With some help from baby Bwogger Aditi Misra, Editor in Chief Jenny Zhu takes a look into a new startup drawing roots from our very own Columbia community.

If you’ve been seeing those underlines on signs around campus, don’t fret – you’ve not been living in some elaborate fever dream. The differently-colored underlines are in fact part of a broader marketing scheme for a Columbia startup, Yup.io.

Yup.io, which its developers describe as a “system for monetizing your judgement [sic] of anything on the Internet,” is essentially a Google Chrome extension that allows you to review nearly every object, business, building, class, and product on the internet. This review system itself is rather limited, in that you can’t actually write comments on the objects you review. Instead, you “react” to the objects you review; the objects with the highest number of reacts are considered the ones with the highest “social value.” This social value is not displayed numerically but through colors.

Thus, an object with a blue underline means that it’s very good or of highest “social value.” An object with an orange underline, conversely, has the lowest “social value.”

You can react to objects in different ways, as well, in categories similar to those on iMessage or on Facebook. Reacts can be classified under “like,” “smart,” or “funny.” Why are there these different categories, you ask? This provides for a more accurate reviewing system, and as the extension’s documentation puts most articulately: “Marylin Monroe was more popular than Einstein, but Albert was surely smarter, and Charlie Chaplin was funnier than both!”

Because we live in a society tainted by the perils of capitalism, Yup.io also incentivizes users to add the aforementioned reviews through payment. As users vote, they earn YUPX tokens if other users vote similarly. These YUPX tokens can be redeemed for Amazon, PayPal, or Venmo credits, as well as holdings in blockchain. If you keep the tokens instead of redeeming them, however, you can “grow your influence and earn greater rewards in the future” – the exact terms for these “greater rewards” are ambiguous.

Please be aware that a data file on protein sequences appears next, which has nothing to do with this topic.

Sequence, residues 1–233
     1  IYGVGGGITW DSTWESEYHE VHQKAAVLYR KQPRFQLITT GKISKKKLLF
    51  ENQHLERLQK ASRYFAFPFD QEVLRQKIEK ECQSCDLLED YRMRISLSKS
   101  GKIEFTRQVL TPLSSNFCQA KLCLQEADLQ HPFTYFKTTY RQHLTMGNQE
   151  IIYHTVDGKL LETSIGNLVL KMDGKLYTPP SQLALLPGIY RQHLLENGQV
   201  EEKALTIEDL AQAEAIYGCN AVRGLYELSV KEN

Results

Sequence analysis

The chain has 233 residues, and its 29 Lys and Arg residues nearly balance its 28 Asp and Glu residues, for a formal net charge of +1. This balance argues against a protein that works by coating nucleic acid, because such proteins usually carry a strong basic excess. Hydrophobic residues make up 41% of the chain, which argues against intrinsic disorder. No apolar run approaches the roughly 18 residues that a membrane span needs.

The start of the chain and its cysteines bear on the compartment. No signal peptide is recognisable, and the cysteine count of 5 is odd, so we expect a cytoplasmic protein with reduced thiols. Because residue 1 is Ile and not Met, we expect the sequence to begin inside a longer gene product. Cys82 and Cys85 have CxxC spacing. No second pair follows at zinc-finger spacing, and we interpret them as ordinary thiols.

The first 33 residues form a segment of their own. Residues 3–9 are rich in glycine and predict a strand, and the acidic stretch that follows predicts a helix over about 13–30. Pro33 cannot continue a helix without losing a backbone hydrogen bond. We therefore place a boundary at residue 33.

Now here comes the fun part: since its developer team originates from none other than Columbia University in the City of New York™, Yup.io also has done some special outreach to our very own Pantone 292 community. First and perhaps most noticeably, you might have seen the underlines underneath just about every physical sign around Columbia.


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These underlines are meant to represent a physical version of the Yup.io app. Therefore, according to Yup.io, while Mathematics and Havemeyer seem to have high “social value” among Columbia students, Dodge and the Fitness Center are second-tier buildings.

It’s a cool concept, and an interesting way to advertise a Yelp Lite-like technology for a wide variety of products. But we were a little unsure of what authority grounded the claim that Pupin Hall, out of all place, really had that high of a “social value” – especially given that the app itself, now well into its launch, boasts 144 users.

Though we applaud the commitment it took for the Yup.io team to tape up these underlines around all of MoHi’s various signposts, we’re still wondering how and if they gained permission from the actual businesses themselves? No Bwogger has yet spotted an orange taped underline, which would denote low social value, and we think it’s questionable that any local business would consent to leaving up a piece of tape that essentially denoted, “This Restaurant Is Very, Very Bad! Don’t Come Here, Please!”

To be fair, Yup.io has done other outreach, though. When CULPA was still facing its various technological problems at the beginning of the year, Yup.io jumped on the frustration bandwagon and sponsored Instagram ads claiming its title as a replacement for our long-beloved, yet oft-janky, review site.


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All jokes aside about the “#clout” hashtag attached to the caption, Yup.io did make some specialized modifications to supplement the existing Vergil reviews site. Indeed, if you use Vergil with the extension, Yup.io will add little icons next to class names to react in three new, different categories: “easy,” “interesting,” and “useful.” Furthermore, it also places an underline below the professor name to display their “social value,” like it does with buildings and restaurants.

To say that this would completely supplant CULPA, though, is definitely a bold claim. Yup.io is more of an extra add-on dessert to Vergil, than a whole damn meal. Its fundamental flaw is that it lacks the capacity to add any comments on classes, skipping out on the nuances that a written review might possess and forgoing the emotional CULPA prose that we have loved to read for so long.

In short, Yup.io does its job. Its interface is relatively intuitive, it works smoothly, it integrates with multiple websites (Google Maps, Twitter, Reddit, etc.), and the design itself is pretty nice (hey, graphic design is our passion!).

Yet at the same time, the branding and the extension itself contains some indelibly frosty sense of robotic apathy, rendered void of the human subtlety and liveliness that makes social networks and contributing reviews so, well, fun. For us as users, it lends a discomfort reminiscent of Black Mirror’s “Nosedive.” Maybe it’s the use of the term “social value.” Maybe it’s the appropriation of our classroom buildings as objects to be rated for money. Maybe it’s the strangely invasive feeling of waking up one morning and seeing all our favorite lunch spots taped up. But who knows? Perhaps this feeling will all but disappear, once we gain enough YUPX tokens.